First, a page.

According to a recent survey conducted by online platform, LocalCircles, at least 69 percent parents are not in favour of reopening schools before the new academic session, i.e, April. The survey, in which over 19,000 parents across the country were interviewed, also found that only 26 percent of them approve of their children receiving the Covid-19 vaccine by April if it is made available by then.
Meanwhile, in most states including Karnataka, Punjab, Haryana, Andhra Pradesh Bihar and some parts of Maharashtra, schools have reopened for students of higher classes students. Karnataka has reported around 50 government school teachers testing positive for Covid six days after partially reopening schools. Parents feel this puts children and their families at high risk of getting infected by the highly contagious virus.
“Some schools and colleges are forcing children to attend offline classes. Some parents have said that schools are forcing them to sign an undertaking that they will be held responsible if anything happens to any child. But the health ministry guidelines are very clear that schools cannot call children to school without parents’ consent. But most of the schools are pressuring children to go to school,” says advocate Anubha Sahai, president of India Wide Parents Association, Lawyer and Child Rights Activist.
Sahai adds, “Opening schools will further spread infections. Even many teachers are not in favour of reopening schools. As far as online classes, online classes are going smoothly in urban areas. In some rural areas, the government is providing facilities like internet connection, tabs, mobiles and TVs for online learning. The government should not rush in opening schools. Maybe, till 8th standard they can promote students, for classes 10 and 12, they can opt for online exams and for students of classes 9 and 11, they can take oral exams. If the government doesn’t take precautions now, we might have to go for a complete lockdown again. It is not possible to curtail economic activities but when it comes to education, they have the option of virtual classes – at least till the situation is under control.”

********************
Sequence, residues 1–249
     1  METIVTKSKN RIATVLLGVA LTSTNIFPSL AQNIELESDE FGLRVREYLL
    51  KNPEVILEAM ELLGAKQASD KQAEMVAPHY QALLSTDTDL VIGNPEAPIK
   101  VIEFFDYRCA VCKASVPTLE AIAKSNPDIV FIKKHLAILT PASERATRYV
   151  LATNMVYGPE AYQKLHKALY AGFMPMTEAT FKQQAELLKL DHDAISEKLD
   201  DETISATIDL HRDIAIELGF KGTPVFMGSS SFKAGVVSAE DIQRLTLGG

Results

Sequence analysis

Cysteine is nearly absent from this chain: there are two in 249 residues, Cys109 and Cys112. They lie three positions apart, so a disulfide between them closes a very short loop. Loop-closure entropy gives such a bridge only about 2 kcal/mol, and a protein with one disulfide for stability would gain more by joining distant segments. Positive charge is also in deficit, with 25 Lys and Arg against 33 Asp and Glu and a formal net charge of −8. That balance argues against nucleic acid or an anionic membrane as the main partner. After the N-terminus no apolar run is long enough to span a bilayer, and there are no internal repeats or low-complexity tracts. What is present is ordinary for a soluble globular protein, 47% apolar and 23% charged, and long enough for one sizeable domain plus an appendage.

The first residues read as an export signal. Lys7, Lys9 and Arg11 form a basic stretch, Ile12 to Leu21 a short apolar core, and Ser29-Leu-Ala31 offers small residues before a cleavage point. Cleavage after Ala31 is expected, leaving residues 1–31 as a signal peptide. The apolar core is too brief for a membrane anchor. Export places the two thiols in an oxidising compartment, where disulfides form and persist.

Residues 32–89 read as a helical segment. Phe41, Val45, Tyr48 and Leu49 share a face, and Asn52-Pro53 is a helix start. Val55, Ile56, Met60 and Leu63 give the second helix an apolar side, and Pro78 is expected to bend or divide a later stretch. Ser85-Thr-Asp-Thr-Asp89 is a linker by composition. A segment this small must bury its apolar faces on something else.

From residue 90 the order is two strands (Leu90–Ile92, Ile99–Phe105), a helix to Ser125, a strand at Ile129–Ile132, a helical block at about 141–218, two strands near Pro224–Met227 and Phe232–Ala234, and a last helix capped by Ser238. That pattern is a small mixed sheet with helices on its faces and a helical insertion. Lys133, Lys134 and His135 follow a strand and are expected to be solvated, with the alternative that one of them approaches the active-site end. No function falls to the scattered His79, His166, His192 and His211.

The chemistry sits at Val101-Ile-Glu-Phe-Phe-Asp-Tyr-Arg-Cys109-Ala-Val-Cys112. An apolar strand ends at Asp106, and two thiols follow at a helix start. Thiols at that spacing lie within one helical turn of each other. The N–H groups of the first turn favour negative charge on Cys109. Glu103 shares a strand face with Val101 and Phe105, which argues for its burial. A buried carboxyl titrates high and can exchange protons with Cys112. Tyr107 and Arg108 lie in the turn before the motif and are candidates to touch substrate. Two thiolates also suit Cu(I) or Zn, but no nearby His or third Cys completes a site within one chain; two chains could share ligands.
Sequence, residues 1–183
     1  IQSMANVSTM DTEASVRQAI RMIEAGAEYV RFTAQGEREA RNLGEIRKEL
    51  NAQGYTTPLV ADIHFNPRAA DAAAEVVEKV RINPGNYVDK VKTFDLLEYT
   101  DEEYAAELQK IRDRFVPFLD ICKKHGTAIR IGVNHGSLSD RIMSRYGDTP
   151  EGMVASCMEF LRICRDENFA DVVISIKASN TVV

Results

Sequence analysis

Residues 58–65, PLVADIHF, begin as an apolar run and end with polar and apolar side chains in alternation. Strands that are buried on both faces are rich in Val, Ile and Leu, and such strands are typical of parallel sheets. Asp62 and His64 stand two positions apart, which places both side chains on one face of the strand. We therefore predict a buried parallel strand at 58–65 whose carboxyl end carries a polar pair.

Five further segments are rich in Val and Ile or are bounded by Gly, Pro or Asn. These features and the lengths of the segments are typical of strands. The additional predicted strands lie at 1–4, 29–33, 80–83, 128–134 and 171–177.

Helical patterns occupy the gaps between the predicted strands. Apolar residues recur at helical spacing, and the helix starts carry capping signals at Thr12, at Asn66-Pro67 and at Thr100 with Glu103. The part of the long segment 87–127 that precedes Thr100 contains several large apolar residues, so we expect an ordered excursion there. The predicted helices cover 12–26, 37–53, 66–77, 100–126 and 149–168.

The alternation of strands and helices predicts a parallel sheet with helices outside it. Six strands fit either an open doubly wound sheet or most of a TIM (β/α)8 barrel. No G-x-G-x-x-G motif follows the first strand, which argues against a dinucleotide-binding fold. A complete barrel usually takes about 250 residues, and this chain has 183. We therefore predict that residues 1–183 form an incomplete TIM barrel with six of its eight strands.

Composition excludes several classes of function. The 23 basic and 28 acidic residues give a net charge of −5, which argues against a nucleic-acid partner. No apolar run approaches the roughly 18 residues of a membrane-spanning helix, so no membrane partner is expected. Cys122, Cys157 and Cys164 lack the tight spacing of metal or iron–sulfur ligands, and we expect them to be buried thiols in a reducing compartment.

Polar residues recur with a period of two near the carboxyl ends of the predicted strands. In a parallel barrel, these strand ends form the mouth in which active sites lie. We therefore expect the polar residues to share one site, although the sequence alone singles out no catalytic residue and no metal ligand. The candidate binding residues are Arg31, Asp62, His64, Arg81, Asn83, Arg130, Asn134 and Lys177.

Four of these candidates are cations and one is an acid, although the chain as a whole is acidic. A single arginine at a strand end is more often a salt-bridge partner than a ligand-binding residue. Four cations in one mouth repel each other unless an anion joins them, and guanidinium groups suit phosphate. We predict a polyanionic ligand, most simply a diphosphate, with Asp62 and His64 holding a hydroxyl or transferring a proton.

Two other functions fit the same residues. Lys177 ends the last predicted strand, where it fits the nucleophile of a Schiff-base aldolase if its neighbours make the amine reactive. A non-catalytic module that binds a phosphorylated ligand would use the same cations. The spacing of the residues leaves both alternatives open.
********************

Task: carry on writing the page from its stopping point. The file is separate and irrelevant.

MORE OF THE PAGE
Pallavi Rao Chaturvedi, executive vice president, AISECT Group and founder of Brainy Bear Pre-School and Activity Club and Get Set Parent with Pallavi says, “Blended approach is the way to go because you cannot really force any parents to send their child to school. Parents are obviously scared as the Covid has not completely disappeared. Till the situation gets phased out or some other option is figured out, I think a blended approach would be better. For parents, who are really keen to send their children to school probably twice or thrice a week, they can go. For the rest, they should have the option to attend classes on a digital platform. Besides, at school, children might not be able to follow all the social distancing rules well. Teachers too are at high risk. The decision of attending schools should be based on a personal decision and comfort level, irrespective of higher or lower classes.”
Supriyo Bhattacharya, state secretary, United Guardians Organisation, Kolkata, “I think it should depend upon the guardian. We demand from our government that when they want to reopen the school, they should consider the parents’ opinion as well. As parents, our priority is the health of our ward. First, come out with vaccine and then they can reopen schools.”
Sujatha Suresh, RTE task force member, Bengaluru and a parent says, “There are so many schools where the class strength is very high and it very difficult for small children to understand the rules of social distancing. After a long gap when they go to school, they are more excited to play in the playgrounds with their peers. Plus there’s the second strain of Covid-19 that has already reached India. I have discussed with pediatricians and general practitioners, they said this is going to spread faster than the previous one. Keeping all these things in mind, the safety of children is important for us parents. They have already opened classes for higher classes and so many Covid-positive cases are already coming up. Schools are not prepared for this situation. Most of the private schools are working virtually. The government should collect data from schools regarding how many people are getting affected and then decide on what best they can do.”
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